DONCASTER Council’s children’s services department overspent by £2.5 million in the last year, mainly on agency staff.
The authority has now started a recruitment drive to take on around 30 social workers in a bid to improve “stability” in the department as it tries to keep on improving following its takeover by the Government.
A meeting of the school’s children and young people overview and scrutiny committee was told a major area of concern in children’s services was the £2.6 million budget overspend this year. Agency staff accounted for £1.167 million.
Chris Pratt, director of children’s services told the meeting: “The overspend is due to increasing demand for our services.
“More children are being referred to us and the increasing need for support puts pressure on our budget. We are doing all we can to control and reduce spending.”
Staff sickness and training has contributed to a lack of “consistency”, with some youngsters facing having to changing their allocated social workers on a regular basis, a report said.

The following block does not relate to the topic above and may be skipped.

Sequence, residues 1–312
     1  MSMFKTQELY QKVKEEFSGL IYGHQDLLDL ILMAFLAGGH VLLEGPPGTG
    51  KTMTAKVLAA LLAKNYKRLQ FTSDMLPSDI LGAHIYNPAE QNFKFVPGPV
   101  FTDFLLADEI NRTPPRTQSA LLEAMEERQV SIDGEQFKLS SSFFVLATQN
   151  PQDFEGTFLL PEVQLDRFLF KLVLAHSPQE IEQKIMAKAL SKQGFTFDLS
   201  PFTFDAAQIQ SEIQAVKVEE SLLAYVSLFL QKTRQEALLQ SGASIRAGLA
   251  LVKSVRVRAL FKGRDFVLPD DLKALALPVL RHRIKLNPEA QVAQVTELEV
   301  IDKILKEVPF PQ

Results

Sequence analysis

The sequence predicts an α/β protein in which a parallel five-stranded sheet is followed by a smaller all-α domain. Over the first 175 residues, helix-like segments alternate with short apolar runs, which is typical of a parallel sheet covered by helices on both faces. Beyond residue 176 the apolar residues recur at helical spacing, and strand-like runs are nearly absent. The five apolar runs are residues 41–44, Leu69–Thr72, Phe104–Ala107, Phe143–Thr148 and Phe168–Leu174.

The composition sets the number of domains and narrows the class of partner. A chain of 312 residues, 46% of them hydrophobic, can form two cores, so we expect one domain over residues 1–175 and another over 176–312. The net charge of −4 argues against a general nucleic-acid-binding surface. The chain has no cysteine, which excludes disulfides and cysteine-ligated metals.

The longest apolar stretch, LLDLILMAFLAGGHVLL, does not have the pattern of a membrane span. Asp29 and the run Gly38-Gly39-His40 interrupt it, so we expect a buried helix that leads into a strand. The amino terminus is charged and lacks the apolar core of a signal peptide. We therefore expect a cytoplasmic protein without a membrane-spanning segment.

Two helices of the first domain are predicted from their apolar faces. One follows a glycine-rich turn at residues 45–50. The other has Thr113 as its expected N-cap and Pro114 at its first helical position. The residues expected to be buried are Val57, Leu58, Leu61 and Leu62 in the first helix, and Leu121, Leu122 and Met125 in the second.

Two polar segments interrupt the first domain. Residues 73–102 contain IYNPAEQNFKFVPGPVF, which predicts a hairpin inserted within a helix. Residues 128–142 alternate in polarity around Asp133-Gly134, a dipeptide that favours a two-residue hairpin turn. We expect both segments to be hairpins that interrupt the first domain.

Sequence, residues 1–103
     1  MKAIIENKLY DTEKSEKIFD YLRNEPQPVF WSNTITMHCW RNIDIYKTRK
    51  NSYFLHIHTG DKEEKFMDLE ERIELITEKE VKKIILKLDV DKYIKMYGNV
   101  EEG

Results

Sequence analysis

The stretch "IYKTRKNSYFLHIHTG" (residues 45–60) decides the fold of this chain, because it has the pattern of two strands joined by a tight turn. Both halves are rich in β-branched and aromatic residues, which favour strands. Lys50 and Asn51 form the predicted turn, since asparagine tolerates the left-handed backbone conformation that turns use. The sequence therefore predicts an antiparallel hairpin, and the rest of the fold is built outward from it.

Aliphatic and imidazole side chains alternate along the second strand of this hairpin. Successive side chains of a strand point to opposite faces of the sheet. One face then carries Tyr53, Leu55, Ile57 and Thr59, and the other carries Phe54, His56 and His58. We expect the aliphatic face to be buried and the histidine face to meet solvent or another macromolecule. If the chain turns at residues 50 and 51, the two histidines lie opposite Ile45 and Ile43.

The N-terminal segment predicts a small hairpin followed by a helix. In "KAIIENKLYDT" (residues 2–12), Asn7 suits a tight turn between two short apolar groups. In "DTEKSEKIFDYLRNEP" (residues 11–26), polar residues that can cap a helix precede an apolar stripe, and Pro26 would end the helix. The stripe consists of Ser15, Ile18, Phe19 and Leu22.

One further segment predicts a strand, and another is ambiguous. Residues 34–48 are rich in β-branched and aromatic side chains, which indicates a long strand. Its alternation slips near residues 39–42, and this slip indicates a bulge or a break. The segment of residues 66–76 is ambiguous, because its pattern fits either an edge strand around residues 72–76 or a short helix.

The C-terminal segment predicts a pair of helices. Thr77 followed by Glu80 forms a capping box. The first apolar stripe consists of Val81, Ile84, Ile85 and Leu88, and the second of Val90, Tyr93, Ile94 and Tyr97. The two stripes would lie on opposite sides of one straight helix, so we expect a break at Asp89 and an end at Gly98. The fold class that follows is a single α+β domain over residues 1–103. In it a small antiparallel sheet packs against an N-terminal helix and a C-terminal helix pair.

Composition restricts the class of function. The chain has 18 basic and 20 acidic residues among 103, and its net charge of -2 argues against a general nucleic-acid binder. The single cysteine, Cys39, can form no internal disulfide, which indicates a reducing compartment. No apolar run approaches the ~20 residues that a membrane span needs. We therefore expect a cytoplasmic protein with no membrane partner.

The Government stepped in to take over control of the department after the Free Press exclusively revealed failings in children’s services following the deaths of seven children who were known to the council.
A criticism of ministers was the lack of permanent social workers.
Last month, Ofsted inspectors published a report rating the service as “adequate” - the second lowest rating - but as having made “significant progress”.
Mr Pratt, told Friday’s meeting: “We are still a service in recovery but we have now been rated as adequate by Ofsted. It’s not a rating to be proud of but it is better than inadequate.
“There is a lot more to do. We’re not complacent though and we need to get the consistency of service that the people of Doncaster deserve.”
The council said it has also a “notable increase” in demand for children social care services, with a 17 per cent increase in child protection plans and a similar increase in the number of children coming into care.
The new vacancies are across a range of levels and include posts in a new intensive support team to help families in crisis situations where children are at immediate risk of being taken into care.